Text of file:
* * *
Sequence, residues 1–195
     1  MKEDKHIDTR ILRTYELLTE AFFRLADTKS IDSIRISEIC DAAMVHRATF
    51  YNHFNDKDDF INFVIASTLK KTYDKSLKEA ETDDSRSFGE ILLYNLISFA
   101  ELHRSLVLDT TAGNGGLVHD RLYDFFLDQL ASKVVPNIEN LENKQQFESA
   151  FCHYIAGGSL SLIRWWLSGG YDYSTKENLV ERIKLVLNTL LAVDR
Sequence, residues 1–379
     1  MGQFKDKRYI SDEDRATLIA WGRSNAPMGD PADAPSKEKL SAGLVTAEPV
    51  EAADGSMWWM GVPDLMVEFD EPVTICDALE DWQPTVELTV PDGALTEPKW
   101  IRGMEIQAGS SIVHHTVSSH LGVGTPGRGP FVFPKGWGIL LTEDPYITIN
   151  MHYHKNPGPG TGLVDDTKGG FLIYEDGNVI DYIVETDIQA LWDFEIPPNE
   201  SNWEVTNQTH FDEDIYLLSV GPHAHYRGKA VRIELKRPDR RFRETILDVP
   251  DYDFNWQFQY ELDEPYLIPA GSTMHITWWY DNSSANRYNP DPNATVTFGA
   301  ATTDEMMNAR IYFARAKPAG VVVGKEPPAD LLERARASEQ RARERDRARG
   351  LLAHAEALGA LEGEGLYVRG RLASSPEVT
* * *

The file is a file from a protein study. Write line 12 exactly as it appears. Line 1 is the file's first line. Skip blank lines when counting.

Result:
   251  DYDFNWQFQY ELDEPYLIPA GSTMHITWWY DNSSANRYNP DPNATVTFGA